Tuesday, July 29, 2014
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Probe into residential schools records hits snag

BY MARK KENNEDY, POSTMEDIA NEWS

The federal government, after months of delay, is hiring a firm to sort through millions of documents at Library and Archives Canada so they can be passed on to the commission probing the aboriginal residential school saga.

But the executive director of the Truth and Reconciliation Commission, Kimberly Murray, said Tuesday she is worried the records will trickle in and arrive too late to be used for the commission's report.

That multivolume report is being written and will be released by June 2015, but must be finished months before then so it can be translated and edited.

"They know we have to do all that," a frustrated Murray said of the government. "They know it takes a year to do all that."

Also, she fears the government has decided to limit the scope of material it will search in government archives, potentially overlooking some key material. The TRC's mandate says its work must include compiling a complete "historical record" of the residential schools' "system and legacy."

But the government appears to be adopting a more narrow approach, saying it will hire a company to dig out documents pertaining to "the operation and funding of the schools."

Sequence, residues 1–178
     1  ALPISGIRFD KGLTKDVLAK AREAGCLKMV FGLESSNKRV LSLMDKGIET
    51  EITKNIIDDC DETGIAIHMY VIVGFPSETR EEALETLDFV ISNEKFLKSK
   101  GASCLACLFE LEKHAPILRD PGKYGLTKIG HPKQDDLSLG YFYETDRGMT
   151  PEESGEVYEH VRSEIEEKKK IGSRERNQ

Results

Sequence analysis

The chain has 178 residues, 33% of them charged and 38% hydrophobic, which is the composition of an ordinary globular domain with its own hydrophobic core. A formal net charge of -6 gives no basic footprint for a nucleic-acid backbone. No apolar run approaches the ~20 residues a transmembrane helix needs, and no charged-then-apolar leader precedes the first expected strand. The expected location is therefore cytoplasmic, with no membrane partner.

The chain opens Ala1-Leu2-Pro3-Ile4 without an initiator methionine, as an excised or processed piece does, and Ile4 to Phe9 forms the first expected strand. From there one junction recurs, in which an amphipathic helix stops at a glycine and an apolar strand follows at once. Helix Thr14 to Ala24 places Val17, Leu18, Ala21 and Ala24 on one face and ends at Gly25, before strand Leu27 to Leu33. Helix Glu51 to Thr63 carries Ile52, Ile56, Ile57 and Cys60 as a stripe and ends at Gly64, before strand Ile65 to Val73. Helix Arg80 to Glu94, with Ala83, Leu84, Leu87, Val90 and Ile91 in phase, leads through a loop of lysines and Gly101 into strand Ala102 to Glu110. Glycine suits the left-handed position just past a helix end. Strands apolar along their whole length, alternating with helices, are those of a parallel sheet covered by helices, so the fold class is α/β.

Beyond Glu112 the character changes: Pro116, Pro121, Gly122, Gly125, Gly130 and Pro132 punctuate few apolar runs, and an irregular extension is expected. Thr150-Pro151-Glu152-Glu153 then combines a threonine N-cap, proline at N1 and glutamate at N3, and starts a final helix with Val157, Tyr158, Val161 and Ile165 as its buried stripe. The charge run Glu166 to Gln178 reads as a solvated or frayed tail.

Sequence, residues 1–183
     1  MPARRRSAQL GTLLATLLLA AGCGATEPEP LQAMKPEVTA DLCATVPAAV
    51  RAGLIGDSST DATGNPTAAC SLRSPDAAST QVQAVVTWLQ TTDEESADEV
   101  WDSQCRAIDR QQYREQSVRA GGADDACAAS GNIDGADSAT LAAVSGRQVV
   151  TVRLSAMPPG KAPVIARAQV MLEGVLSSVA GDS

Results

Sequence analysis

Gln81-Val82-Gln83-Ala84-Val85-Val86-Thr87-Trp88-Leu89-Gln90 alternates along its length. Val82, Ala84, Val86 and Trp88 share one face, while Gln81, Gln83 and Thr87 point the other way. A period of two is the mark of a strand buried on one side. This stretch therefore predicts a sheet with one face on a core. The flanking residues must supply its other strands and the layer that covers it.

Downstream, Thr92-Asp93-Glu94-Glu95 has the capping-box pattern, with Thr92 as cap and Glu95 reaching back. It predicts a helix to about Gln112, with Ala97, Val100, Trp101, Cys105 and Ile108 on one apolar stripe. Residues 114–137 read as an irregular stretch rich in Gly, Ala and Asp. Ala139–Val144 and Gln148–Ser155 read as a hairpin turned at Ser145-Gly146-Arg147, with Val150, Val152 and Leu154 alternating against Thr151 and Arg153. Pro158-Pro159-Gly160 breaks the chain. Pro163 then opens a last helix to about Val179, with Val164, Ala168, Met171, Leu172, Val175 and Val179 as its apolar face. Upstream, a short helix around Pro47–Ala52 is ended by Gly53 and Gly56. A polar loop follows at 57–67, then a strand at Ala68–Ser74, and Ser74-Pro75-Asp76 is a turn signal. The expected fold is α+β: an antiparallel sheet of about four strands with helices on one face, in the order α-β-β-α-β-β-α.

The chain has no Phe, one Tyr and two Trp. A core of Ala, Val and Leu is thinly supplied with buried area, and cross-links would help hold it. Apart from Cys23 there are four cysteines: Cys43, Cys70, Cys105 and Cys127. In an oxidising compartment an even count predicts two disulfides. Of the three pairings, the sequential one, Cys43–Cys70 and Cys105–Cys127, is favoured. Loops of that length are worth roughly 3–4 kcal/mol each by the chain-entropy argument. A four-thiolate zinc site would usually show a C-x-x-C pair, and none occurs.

Former prime minister Paul Martin said Tuesday the government's approach is unacceptable.

"At a time when the nation as a whole is coming to grips with what happened in residential schools, for the government to say that they are essentially going to continue to mask the history that we are entitled to know is just wrong."

"Our government remains committed to achieving a fair and lasting resolution to the legacy of Indian Residential Schools," said Erica Meekes, a spokeswoman for Aboriginal Affairs Minister Bernard Valcourt.

"That is why the prime minister made a historic apology on behalf of all Canadians in 2008 and why we have disclosed over 4.2 million documents to the Truth and Reconciliation Commission."

The new concerns are being expressed after the government posted a "request for proposal" last week seeking bids from companies that want the contract at the archives. The research is expected to cost $14 million.

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